When all other avenues have been tried, do you resort to surgery for your weight loss goals? The surgical route is on the increase, but is it the right answer for everyone? It carries risks, but do they outweigh the weight you carry?
When all other methods have failed, surgical weight loss is an option that some people turn to. It can be remarkably effective, but it is nonetheless a major medical procedure with inherent risks and complications.
Do you know the options? There's actually two main routes :
If you are considering surgical weight loss, you should start by talking to your doctor. They will provide you with good information, and help to evaluate whether you are a suitable candidate for surgical weight loss. If your doctor thinks this is appropriate for you, they will refer you to a bariatric surgeon for a more detailed evaluation.
The bariatric surgeon will assess whether one of the two main methods of surgical weight loss is appropriate for you. As briefly mentioned above these are restrictive and malabsorptive.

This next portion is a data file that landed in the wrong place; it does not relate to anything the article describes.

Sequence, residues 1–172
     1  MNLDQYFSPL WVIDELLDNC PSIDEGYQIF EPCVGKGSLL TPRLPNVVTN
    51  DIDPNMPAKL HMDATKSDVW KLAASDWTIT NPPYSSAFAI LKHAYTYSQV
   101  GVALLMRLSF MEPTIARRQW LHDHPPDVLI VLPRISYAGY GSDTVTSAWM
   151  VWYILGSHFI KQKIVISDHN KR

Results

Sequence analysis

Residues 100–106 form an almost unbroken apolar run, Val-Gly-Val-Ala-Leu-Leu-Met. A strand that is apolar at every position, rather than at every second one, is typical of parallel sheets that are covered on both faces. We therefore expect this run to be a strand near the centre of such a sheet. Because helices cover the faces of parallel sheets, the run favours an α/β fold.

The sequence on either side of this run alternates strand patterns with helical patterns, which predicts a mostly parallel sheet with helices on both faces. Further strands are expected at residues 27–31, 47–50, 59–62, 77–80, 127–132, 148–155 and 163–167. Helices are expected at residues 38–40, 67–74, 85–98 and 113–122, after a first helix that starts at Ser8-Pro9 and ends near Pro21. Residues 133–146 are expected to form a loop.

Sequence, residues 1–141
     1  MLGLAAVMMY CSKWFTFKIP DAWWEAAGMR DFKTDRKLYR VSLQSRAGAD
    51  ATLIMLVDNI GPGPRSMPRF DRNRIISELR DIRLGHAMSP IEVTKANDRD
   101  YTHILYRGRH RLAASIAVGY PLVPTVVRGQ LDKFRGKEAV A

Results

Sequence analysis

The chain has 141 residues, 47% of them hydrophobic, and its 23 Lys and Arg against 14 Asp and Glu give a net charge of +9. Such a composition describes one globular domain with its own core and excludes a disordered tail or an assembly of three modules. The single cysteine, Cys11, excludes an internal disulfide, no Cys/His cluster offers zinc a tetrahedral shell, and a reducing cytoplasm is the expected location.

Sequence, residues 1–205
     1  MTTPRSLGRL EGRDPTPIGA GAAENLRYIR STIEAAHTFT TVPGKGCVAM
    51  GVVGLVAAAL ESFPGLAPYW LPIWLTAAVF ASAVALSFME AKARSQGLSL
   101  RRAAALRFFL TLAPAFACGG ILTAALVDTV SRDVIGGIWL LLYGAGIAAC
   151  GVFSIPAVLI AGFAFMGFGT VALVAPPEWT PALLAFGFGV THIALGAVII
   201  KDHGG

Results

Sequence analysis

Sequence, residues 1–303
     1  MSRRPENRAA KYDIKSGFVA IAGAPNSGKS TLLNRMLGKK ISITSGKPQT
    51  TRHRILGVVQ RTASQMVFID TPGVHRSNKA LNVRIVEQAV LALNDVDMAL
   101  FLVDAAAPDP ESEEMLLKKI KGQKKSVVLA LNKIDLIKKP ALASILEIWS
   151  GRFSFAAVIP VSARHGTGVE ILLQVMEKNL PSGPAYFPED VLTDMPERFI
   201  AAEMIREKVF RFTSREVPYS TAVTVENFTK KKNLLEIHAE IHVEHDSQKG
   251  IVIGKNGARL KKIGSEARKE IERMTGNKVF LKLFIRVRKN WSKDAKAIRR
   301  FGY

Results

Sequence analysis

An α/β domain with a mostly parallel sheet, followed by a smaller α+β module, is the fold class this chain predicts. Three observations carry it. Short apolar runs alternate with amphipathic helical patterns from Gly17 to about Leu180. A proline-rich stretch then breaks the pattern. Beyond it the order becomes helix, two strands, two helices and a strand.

Restrictive procedures literally reduce the size of your stomach, allowing you to learn to eat less. Over time, you will not feel deprived on fewer calories.
For this technique to be effective it is essential that you also learn good eating habits. For example eating slowly, eating less, and moderating your drinking habits.
Patients who do not moderate their eating habits post surgery can easily stretch the stomach back out and thus defeat the purpose of the procedure.
These alter the digestive process by creating a bypass of the small intestine, thus reducing the absorption of calories.
This technique is both more effective and more dangerous than the restrictive procedures. Finally, some physicians combine the two techniques to utilise the effects of both restriction and malabsorption.